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3 lessons from recent CA pregnancy discrimination case

A case provides valuable lessons for victims of pregnancy discrimination.

Firing an employee simply because she is pregnant is not just morally questionable, it is against the law. Protections are present at both state and federal levels to help reduce the risk of this form of discrimination.

First, a primer on California state law

It is illegal in California to discriminate against a worker because she is pregnant. In fact, California state law requires employers to provide reasonable accommodations to pregnant employees. This can include temporary modification of work duties and more frequent breaks. The state also requires employers to provide employees with pregnancy disability leave (PDL) of up to four months. The employee’s health care provider generally determines how much PDL is appropriate for the employee. The employer must also provide written notice to the employee that she can return to her previous position once she returns from PDL.

PDL is not a one and done right. Those who need PDL can take it on an as-needed basis. This can result in a reduced work schedule or intermittent leave.

Now, more on the case

The case involves an employee of an Italian restaurant. Instead of discussing PDL and making reasonable accommodations, the employee stated her employer substantially cut her hours and ultimately terminated her position after she announced her pregnancy. She states the employer told her to stay home because she was pregnant and hired less qualified servers in her place.

If substantiated, such actions can be a violation of the California state laws noted above as well as federal law — Title VII of the Civil Rights Act of 1964’s Pregnancy Discrimination Act.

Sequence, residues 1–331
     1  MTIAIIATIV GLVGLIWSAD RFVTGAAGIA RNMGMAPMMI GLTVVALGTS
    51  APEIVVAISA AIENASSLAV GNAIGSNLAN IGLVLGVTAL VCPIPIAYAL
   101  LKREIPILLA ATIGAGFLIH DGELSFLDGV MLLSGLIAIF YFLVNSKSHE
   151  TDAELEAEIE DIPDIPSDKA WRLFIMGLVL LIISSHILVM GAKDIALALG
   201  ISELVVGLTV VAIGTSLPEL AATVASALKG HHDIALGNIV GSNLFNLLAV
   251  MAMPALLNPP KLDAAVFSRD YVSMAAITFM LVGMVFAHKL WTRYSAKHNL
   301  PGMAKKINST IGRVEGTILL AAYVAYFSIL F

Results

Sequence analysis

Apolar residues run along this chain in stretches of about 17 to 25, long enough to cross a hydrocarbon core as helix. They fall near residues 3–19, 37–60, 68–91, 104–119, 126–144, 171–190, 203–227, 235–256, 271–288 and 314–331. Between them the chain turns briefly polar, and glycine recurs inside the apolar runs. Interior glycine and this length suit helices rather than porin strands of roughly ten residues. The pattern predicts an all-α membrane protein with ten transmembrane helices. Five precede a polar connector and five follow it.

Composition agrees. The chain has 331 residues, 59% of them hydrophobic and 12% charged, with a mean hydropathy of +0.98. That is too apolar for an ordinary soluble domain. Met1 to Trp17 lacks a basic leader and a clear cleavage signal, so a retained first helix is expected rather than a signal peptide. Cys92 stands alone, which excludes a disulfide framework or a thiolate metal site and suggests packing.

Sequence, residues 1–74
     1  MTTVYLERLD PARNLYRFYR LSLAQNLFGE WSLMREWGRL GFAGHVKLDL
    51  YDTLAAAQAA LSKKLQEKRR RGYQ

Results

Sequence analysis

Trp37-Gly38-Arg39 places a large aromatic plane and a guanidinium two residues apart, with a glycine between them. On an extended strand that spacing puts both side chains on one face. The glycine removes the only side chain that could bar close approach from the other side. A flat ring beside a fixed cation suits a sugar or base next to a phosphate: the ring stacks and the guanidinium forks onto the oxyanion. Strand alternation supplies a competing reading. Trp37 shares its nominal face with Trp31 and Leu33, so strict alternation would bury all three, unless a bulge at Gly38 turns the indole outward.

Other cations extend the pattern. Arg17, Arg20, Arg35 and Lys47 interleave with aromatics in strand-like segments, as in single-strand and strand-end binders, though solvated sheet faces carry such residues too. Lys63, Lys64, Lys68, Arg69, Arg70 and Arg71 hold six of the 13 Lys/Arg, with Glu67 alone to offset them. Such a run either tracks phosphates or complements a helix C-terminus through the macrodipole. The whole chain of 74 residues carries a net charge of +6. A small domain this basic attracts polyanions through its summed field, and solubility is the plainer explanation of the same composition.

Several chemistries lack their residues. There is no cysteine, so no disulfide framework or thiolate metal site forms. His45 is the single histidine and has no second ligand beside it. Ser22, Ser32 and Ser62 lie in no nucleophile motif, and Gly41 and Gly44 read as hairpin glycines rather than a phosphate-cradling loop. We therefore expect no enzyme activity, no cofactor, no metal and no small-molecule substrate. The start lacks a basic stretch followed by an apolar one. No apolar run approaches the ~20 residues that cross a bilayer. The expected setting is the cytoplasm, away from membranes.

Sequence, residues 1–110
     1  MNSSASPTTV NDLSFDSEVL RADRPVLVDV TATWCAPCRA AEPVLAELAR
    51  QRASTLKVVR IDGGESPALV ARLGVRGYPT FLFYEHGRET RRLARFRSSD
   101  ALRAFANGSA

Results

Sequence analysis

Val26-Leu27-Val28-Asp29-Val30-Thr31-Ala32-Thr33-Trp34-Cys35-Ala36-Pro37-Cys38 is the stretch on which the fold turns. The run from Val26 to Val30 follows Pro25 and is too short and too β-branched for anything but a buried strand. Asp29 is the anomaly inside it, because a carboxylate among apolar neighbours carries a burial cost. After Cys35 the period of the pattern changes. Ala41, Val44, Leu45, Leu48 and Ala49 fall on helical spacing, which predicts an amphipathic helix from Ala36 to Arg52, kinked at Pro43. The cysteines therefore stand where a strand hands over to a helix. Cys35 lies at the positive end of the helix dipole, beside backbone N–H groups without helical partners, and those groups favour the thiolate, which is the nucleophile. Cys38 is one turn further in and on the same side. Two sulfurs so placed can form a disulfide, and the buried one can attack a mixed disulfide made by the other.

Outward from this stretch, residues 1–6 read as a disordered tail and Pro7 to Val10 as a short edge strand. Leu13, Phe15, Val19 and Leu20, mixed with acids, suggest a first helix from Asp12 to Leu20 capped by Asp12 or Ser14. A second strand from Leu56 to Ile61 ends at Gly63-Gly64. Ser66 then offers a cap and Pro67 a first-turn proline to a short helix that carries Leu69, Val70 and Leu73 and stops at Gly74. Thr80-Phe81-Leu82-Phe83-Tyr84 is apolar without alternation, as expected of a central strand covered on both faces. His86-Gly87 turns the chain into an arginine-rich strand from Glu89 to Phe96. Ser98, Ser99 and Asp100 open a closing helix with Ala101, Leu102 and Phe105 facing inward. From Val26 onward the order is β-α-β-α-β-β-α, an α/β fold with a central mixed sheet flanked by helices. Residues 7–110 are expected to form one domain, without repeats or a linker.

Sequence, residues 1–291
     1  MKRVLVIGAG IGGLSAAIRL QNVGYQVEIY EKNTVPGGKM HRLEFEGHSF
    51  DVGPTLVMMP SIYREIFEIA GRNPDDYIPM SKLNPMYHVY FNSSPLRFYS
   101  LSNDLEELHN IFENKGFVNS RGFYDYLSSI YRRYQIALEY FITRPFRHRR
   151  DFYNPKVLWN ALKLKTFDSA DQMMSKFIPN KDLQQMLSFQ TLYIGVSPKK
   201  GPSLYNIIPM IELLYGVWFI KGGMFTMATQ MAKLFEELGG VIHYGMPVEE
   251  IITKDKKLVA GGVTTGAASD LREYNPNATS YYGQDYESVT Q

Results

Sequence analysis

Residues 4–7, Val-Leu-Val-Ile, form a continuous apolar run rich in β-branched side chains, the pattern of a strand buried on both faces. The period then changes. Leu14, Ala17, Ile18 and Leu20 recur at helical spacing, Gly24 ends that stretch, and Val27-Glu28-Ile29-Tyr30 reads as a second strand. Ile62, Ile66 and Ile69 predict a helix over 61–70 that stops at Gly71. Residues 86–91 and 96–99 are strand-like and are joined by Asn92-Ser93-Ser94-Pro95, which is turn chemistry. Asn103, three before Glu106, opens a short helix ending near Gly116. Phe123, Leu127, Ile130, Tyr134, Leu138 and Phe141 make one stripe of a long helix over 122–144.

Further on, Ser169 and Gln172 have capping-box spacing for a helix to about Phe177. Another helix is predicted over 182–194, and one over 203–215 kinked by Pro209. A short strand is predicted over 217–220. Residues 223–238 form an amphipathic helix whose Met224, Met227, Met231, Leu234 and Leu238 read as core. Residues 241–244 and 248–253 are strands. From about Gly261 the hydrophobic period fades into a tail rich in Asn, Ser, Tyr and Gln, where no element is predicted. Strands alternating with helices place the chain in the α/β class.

Ultimately, the accused was able to provide enough evidence to lead the employer to offer a settlement. The employer provided almost $20,000 in financial compensation to the employee as well as agreed to conduct a review and revision of policies to avoid similar violations in the future.

Final piece, three things others in similar situations can learn from this case

The case, unfortunately, is not uncommon. Those who find themselves dealing with similar forms of discrimination should note the following from this case:

  • It takes a bit of effort to hold an employer accountable. The employee did need to put in some work to hold the offending employer accountable for their wrongdoing. Simply noting the violation is generally not enough. The employee will likely need to reach out to the United States Equal Employment Opportunity Commission (EEOC) and an attorney to move the case forward.
  • Violators are held accountable. Once the employee got the case moving and was able to provide evidence to back up the allegation, she was able to establish the employer violated the law. Getting everything put together may seem like an overwhelming burden, but victims can have legal counsel represent their interests.
  • Victims can find justice. In the end, the victim was able to receive financial compensation as well as the assurance the employer would adjust its practices to reduce the risk others would go through the same experience.

Although the process can require a bit of work, victims will hopefully take heart in the fact that justice can be served. If you or a loved one was the victim of discrimination due to pregnancy, contact an attorney to discuss your options.